Occupying the shape-shifting space between portraiture and abstraction, the paintings of Auckland-based artist Julian Hooper refuse to sit still.
When we speak a few weeks out from Julian Hooper’s September exhibition at Ivan Anthony in Auckland, he still hasn’t settled on a title for the show. We both agree that a good title can’t be forced.
It becomes part of the artwork, adding to the layers of meaning, but as Hooper explains, a good title doesn’t “blow the cover” of the work. It is suggestive without giving away too much; it “keeps the ideas rolling and skipping rather than setting them down.”
Hooper’s turns of phrase — both when we speak, and when deployed as titles — are much like his paintings: lyrical yet considered. His most recent show, exhibited in April 2016 at Sydney’s Gallery 9, was titled Lazy Racer. It’s an offbeat, poetic and evocative paradox, descriptors that would not go astray in defining the paintings themselves: a collection of layered, semi-abstract visual labyrinths. The works evolved over weeks and months, strata building up and being stripped away to get to what Hooper describes as that “surprisingly successful accident, one that seems more right or more interesting than what I can will into the painting.”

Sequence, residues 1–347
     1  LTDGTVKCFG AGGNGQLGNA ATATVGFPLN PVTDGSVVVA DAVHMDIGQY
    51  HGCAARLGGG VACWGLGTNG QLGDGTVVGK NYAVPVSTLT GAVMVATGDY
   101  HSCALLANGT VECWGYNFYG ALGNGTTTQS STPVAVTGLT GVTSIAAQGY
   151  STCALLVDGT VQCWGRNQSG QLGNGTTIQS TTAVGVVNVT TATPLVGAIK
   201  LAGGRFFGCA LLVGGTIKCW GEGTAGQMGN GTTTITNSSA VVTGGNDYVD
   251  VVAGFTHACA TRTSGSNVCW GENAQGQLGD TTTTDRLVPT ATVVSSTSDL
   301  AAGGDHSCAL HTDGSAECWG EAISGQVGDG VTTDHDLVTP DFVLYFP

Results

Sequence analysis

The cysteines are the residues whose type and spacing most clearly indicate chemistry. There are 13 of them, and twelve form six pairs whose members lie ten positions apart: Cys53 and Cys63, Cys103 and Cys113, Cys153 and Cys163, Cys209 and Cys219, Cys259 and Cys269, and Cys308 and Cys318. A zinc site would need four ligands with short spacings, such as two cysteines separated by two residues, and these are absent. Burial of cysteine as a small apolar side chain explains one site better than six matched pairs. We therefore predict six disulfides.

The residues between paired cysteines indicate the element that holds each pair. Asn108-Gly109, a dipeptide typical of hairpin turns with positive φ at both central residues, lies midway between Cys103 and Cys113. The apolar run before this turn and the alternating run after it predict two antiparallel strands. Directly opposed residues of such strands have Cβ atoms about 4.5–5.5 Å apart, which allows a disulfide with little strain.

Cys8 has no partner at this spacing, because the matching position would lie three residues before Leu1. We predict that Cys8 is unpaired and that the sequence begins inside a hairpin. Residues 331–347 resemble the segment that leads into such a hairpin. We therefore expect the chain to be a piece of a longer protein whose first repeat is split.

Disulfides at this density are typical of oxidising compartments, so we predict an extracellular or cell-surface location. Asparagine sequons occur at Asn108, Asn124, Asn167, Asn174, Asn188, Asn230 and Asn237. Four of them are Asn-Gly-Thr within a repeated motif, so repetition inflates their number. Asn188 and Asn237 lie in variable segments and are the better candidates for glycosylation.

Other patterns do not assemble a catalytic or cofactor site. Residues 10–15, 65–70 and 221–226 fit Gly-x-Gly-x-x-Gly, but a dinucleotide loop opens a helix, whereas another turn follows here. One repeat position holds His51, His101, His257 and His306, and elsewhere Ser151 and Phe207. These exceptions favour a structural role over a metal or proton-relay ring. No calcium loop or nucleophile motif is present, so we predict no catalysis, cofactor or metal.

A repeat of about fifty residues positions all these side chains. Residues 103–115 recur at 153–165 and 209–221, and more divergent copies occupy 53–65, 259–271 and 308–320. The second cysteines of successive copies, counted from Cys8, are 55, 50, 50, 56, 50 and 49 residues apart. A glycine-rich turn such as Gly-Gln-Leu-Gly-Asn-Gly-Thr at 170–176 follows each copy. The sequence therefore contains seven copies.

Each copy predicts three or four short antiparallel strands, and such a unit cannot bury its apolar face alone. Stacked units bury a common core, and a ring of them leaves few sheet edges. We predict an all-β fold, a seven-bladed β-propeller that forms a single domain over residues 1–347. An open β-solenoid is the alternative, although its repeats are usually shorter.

The paintings from Lazy Racer are dense with intersecting and overlapping colours and shapes, arranged in such a way that the eye can rove around endlessly, picking up different threads on each round. Each painting is like a riddle, to be examined detective-like as one decodes and interprets a rich matrix of symbols and clues. Thriller (2016) is replete with art-historical allusions, spread across a canvas, which skips between areas of glossy opacity and matte translucency. Strange columns, with amorphous white forms along... Subscribe to read this article in full
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